Solution

The first step is change the place of your plant. Move it to a less bright place where direct sunlight cannot touch its leaves.

But make sure African violets need plenty of bright light. Place them where they can get enough hours of bright indirect light.

Then give a good amount of filtered water to increase the water content in the plant.

Note: Scorched leaves will never turn green again. Therefore, for the best health of your plant cut them from the plant and save its energy.

7. Powdery Mildew disease

Powdery mildew is a fungal disease that is common in houseplants. It is common in unhygienic growing conditions.

Too much humidity, warm weather, and low light conditions increase the chances of powdery mildew infection.

The fungal bacteria start eating the internal tissues of the leaves. As a result, the leaves become weak turns yellow, and develop brown spots on leaves.

If you see white or gray color powder like substance on your African violet. This means your plant is in serious condition.

By damaging the plant tissues powdery mildew try to stop the photosynthesis and weaken the plant.

Solution

First of all, isolate your plant from other healthy growing plants.

Then rinse your plant with anti-fungal soap. After washing it cut the highly infected leaves.

Buy a copper-based fungicide and apply it all over the plant including the healthy leaves. This will kill the remaining living fungus bacteria. Also, prevent further infection.

To prevent this condition, I suggest you use neem oil spray on all your plants. Neem oil is safe to use on all types of houseplants when diluted with water.

Expose your plant to sunlight because the sun rays are capable of killing the fungus and preventing it from reoccurring.

8. Rusting African violet leaves

Small circular spots on African violet leaves are called rust spots. They developed in high humid environment + and when you spray too much water on their leaves.

This problem is common on low humid days when you spray water on plant leaves and do not let them dry before the next spray session.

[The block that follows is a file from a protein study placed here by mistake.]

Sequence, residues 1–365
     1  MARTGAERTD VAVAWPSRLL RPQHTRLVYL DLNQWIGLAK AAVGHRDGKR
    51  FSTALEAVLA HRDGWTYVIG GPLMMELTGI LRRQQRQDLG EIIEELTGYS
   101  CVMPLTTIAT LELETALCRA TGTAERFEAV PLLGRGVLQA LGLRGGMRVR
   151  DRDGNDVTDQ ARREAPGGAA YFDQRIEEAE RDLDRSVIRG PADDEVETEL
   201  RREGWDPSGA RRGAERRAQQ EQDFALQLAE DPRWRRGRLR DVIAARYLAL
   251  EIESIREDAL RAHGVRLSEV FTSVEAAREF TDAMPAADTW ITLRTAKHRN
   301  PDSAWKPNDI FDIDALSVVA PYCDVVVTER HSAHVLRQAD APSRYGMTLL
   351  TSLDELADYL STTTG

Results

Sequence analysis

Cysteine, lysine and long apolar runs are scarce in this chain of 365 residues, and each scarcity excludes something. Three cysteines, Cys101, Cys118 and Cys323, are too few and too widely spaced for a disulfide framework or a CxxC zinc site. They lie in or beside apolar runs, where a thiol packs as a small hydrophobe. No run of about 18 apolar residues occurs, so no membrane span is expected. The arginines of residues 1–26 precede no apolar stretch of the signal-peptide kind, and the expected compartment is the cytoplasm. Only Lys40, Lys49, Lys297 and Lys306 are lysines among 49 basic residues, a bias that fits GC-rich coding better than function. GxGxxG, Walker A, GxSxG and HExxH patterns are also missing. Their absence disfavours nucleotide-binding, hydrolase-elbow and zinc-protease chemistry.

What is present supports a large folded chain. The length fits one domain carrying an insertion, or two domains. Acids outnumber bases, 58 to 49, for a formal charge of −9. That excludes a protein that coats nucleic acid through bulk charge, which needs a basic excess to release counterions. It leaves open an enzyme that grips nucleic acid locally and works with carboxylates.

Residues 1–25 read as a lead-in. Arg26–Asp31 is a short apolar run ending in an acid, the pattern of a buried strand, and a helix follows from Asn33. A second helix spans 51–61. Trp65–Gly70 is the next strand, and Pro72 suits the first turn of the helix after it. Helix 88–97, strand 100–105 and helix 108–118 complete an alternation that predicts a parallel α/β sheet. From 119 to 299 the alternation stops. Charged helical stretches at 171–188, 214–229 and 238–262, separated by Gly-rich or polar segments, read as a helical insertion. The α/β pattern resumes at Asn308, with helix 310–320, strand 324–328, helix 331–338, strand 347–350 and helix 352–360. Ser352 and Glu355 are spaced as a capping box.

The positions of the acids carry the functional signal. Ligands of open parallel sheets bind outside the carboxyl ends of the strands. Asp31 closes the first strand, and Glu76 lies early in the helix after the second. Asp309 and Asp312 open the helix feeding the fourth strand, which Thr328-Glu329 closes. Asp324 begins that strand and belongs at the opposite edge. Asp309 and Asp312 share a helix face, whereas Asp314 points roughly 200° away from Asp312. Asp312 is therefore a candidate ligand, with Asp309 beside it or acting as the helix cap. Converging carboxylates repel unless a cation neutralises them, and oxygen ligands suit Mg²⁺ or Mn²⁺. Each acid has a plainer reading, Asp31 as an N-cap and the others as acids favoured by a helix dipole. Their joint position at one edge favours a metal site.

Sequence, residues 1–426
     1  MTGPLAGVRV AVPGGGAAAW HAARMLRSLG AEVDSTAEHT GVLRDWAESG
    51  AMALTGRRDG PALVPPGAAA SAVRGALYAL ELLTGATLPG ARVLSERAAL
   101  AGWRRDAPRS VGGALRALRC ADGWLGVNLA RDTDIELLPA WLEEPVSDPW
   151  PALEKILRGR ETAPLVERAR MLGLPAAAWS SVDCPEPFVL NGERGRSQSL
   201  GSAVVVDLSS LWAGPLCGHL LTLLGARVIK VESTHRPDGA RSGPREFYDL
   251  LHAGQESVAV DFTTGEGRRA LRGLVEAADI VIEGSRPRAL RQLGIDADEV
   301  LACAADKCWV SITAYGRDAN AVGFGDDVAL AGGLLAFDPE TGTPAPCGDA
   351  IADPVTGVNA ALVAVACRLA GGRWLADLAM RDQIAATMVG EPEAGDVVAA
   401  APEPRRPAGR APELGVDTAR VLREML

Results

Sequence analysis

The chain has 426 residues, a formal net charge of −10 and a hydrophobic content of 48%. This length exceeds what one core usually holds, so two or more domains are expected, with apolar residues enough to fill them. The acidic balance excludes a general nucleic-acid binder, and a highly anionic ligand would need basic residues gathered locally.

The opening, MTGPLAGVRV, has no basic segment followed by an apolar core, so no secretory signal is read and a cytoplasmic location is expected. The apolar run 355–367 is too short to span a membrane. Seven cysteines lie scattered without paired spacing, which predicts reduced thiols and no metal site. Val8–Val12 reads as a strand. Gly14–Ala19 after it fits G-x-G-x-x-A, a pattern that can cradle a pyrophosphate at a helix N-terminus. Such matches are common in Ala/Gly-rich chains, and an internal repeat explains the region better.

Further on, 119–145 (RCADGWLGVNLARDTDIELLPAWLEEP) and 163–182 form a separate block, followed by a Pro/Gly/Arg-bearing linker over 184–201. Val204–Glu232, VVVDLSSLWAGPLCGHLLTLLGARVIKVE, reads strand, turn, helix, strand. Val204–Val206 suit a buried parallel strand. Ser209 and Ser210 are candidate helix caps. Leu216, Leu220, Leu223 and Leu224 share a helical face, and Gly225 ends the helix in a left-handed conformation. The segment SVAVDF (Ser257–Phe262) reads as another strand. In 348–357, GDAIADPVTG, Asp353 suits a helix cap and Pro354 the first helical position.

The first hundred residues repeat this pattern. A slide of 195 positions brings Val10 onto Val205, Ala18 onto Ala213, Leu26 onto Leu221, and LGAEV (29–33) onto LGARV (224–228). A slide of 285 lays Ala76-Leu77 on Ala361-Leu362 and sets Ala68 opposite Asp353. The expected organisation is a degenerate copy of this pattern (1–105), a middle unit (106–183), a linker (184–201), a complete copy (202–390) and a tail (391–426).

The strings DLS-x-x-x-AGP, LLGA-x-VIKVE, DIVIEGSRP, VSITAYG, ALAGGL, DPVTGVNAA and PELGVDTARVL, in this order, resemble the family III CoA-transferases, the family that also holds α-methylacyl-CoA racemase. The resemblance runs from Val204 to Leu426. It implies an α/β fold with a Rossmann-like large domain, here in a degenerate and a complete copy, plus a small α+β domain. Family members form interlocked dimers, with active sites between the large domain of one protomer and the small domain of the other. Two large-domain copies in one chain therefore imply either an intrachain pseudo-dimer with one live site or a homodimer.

This rust slowly eats the plant leaves and can easily be spread to other nearby plants with the help of wind.

Solution

First of all, you need to prevent this problem. To do so limit the watering application even in hot weather. Let the soil dry a little bit before watering.

Improve the air circulation to keep the African violet leaves fresh and healthy.

If your plant is already infected then immediately isolate it to protect other healthy plants.

Then wear garden gloves and sterilize the knife and cut the infected leaves, and damaged stems. Do not put them in compost. Just dispose of them in the garbage.

9. Bacterial Leaf Blight

It is caused by the pathogen named Erwinia chrysanthemi. This pathogen is naturally found in high humid and unhygienic places.

It enters the plant tissues through the tiny leaf pores.

Pests like aphids and spider mites also transport this disease from one part of the plant to other parts.

Generally, this pathogen enters through the damaged leaves.

Water-soaked lesions on plant foliage are the first sign of bacterial blight. You need to take quick action to get rid of this infection.

Because it spread at a faster rate and within 5 to 7 days it reaches the roots of African violet. Once it damages the roots.

There is no way to revive plant health. Propagation is the only method left in this condition.

Secondary Symptoms:

  • Slow Growth
  • Tiny holes in the leaves
  • Leaves turn pale, yellow, or brown
  • Brown dots on the undersides of the leaves

Solution

  • The best solution is to try to avoid this condition as much as possible. Keep the surrounding cleans and do not spray too much water on leaves.
  • Sterilize the soil before use to kill all kinds of pathogens.
  • Wash your hands before and after gardening work.
  • Keep the garden tools neat and clean. Use rubbing alcohol to sterilize them.
  • Separate your plant from other healthy plants.
  • Cut the infected leaves and dispose of them in the garbage bin
  • After cutting the leaves disinfect your tools

10. Ringspot

Ringspot is caused by using cold water for watering African violet. The general temperature of African violet leaves is 95 degrees F.

If it drops below 75 degrees F the light ring spots start appearing on the top surface of the foliage.

Unfortunately, you cannot do anything once the leaves are infected by the ringspot.

Solution

You cannot revive the plant’s health once it is infected by the ringspot. The only solution to this problem is to try to maintain the temperature of African violet.

  • You can do the following to protect your plants:
  • Use room temperature water for watering application
  • Water your plant from below
  • Avoid spraying too much water on plant leaves on dry low humid days

11. Pest Infestations

Mealybugs are the common pests that attack African violet plants. They damage the leaf tissues and this results in less nutrient supply.

This results in brown spots on African Violet leaves.

Pests also spread fungal and other pathogen infections to plants.

Solution

  • The first step is to inspect your plants closely and check for pest infestation. They are mainly found on the undersides of the leaves.
  • Use rubbing alcohol to manually wipe the leaves.
  • If the problem does not solve then use insecticidal soap and rinse your plant.
  • Use neem oil spray to keep your plants protected.
  • Keep the plant pot clean and regularly trim the yellow and dead parts of the African violet plant.